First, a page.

Election possible next year, say political leaders
Politicians hope NCPO won't find any more excuses to delay polls
published : 23 Sep 2017 at 20:10
writer: Aekarach Sattaburuth
Political party leaders are uncertain when the general election will be held but most think it should happen next year.
A leader and co-leaders of the country's three largest parties discussed the prospect at a seminar held by the Thai Journalists Association on Saturday.
Sudarat Keyuraphan, a Pheu Thai co-leader, said it was hard to predict when the polls would be held. "The government often talks about the roadmap but keeps postponing the election date. The picture might be clearer after election-related organic laws are finished."
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Under the constitution, four of the 10 organic laws are required to be enacted before the election can be held. They cover the Election Commission, political parties, MP elections and selection of senators. The first two have already been approved by the National Legislative Assembly (NLA) and are in the process of seeking royal endorsement. The latter two have yet to reach the NLA.
Mrs Sudarat urged the government and the National Council for Peace and Order (NCPO) to make it clear how long they would stay. "This is not much of a problem for politicians. But let’s ask the people which is harder: having an election or not," she said.
Before discussing who would be its next leader, Pheu Thai should make clear its stand as a party that supports democracy under constitutional monarchy and people’s well-being, the former public health minister said.
"If people demand the election, nothing can stop it from happening," says Anuthin Charnweerakul, leader of the Bhumjaithai party. (Photo by Patipat Janthong)
"Once we’re allowed to hold meetings we can discuss who’ll become the next leader but I think there won’t be any problem. We have several competent people. I believe it will be best if [parties] compete on policies but then it could be interpreted as populism," she said.
The big question mark facing Pheu Thai will be the future role, if any, of the Shinawatra family, now that both Yingluck and Thaksin Shinawatra have fled abroad.
Ong-art Klampaibul, a deputy leader of the Democrat party, said no one but Gen Prayut Chan-o-cha could say when the election would be held. "But I think he can’t give the answer. Each time he tries, confusion ensues, leading to more confusion in about everything."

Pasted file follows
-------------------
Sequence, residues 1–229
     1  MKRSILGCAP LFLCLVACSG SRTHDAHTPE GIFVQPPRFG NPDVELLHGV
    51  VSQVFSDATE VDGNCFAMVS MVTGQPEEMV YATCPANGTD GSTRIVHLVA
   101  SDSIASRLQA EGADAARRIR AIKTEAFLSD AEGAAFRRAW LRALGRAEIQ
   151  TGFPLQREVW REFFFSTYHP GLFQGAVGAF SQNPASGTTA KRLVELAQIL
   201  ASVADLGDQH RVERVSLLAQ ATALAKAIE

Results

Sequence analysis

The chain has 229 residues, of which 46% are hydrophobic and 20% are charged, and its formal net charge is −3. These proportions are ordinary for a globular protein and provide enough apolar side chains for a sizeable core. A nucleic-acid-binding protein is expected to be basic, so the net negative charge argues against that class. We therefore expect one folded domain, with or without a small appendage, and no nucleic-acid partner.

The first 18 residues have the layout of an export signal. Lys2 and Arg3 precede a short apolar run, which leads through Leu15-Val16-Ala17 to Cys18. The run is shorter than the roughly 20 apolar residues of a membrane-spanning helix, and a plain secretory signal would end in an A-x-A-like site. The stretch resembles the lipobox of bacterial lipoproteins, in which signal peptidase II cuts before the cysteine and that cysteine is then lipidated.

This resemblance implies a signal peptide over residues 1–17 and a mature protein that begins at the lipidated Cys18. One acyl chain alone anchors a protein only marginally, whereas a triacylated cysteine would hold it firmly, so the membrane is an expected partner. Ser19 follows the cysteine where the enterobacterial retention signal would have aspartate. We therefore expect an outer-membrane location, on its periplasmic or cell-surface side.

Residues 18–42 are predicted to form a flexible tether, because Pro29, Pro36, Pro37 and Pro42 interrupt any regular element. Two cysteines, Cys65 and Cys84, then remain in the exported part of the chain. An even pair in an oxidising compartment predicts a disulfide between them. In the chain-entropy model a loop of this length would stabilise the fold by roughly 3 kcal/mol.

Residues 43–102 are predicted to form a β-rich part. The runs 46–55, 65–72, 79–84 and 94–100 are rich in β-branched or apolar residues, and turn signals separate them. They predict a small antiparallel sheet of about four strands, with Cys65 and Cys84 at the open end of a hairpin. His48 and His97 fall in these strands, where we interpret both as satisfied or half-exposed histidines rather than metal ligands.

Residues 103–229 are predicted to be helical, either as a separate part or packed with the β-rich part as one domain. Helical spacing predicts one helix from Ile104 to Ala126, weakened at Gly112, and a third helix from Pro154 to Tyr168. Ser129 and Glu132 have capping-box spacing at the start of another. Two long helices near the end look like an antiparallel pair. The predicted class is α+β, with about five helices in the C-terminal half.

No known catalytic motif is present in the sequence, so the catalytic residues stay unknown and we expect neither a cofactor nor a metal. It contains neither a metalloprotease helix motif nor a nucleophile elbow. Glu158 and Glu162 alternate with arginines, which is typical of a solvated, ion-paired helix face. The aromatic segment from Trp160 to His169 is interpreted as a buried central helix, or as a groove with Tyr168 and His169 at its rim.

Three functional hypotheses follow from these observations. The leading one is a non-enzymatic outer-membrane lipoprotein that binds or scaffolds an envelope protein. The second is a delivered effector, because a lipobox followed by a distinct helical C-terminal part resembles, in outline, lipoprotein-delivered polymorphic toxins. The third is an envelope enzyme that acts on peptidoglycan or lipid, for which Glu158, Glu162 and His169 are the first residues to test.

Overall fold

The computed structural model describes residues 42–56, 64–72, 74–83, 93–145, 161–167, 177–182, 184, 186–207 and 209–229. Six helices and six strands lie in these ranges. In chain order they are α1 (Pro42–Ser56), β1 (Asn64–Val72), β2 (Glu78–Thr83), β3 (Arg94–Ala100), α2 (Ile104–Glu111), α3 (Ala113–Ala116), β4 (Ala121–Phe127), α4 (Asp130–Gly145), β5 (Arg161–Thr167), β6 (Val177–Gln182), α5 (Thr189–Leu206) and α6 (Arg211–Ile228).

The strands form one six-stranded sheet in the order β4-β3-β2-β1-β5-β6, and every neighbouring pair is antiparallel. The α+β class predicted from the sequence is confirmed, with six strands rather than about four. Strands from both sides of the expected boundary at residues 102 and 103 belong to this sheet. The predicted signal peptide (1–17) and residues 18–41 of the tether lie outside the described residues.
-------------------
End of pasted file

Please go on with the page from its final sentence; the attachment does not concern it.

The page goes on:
The former PM's office minister said he personally believes that if the organic laws are passed without a snag, polls should be seen in November next year. "I hope the people’s voice will be respected this time," he said.
Anuthin Charnweerakul, leader of Bhumjaithai party, said his party was ready for the election whenever it is held. "With my limited experience, I can’t predict the trend. Whether the polls will be held sooner or later depends not only on the government and the NCPO, but also on the people. If people demand the election, nothing can stop it from happening. This government can put it off only as much."
He drew a comparison between an elected and coup-installed governments. "An elected government serves a four-year term. In nine months from now, this government will have served the same term. If it shoots itself in the foot, there will be some mechanisms hinting it should stop.
"If the organic laws aren’t finished, it will reflect badly on its efficiency. In the worst case, the election should be held in 2019. If it doesn’t happen then, we should run for our life."
However, Mr Anuthin believes Gen Prayut will keep his word. "If he doesn’t, history has shown us the kind of pressure he’d face."
Pheu Thai and the Democrats should publicly reach an agreement pledging to prevent a recurrence of the pre-coup upheaval, says Prinya Thaewanarumitkul, a vice-rector of Thammasat University. (Photo by Patipat Janthong)
Prinya Thaewanarumitkul, a vice-rector of Thammasat University, said that according to the constitution the polls could be held in September next year at the earliest.
"The wildcard is the organic laws. If at least one of them is not passed, the charter doesn’t say what should be done. So if the NCPO wants to stay on, it can do so. Rewriting one or more organic laws should take at least a year. But it all depends on the people.
"Once the NCPO-installed government serves four years, people will start comparing it [with elected governments]," he said.
There are two factors allowing the NCPO to stay for so long. First, people feel the same problems in parliament and mobs will recur after the election, so the status quo is better, he said.
Second, elected politicians have not improved themselves enough. "They fought too much too hard over the last 10 years and have yet to restore the faith [people once had in them]."
He suggested Pheu Thai and the Democrats publicly reached an agreement pledging to prevent a recurrence of the pre-coup upheavals. "If they can prove it to the people, I believe the election can definitely be held next year."
In the last successful general election in 2011, Pheu Thai led with 265 of all 500 MP seats, followed by the Democrats (159) and Bhumjaithai (34). The voter turnout was 75%.
Thaksin Shinawatra’s is the only elected government that served a full four-year term, from 2001-05.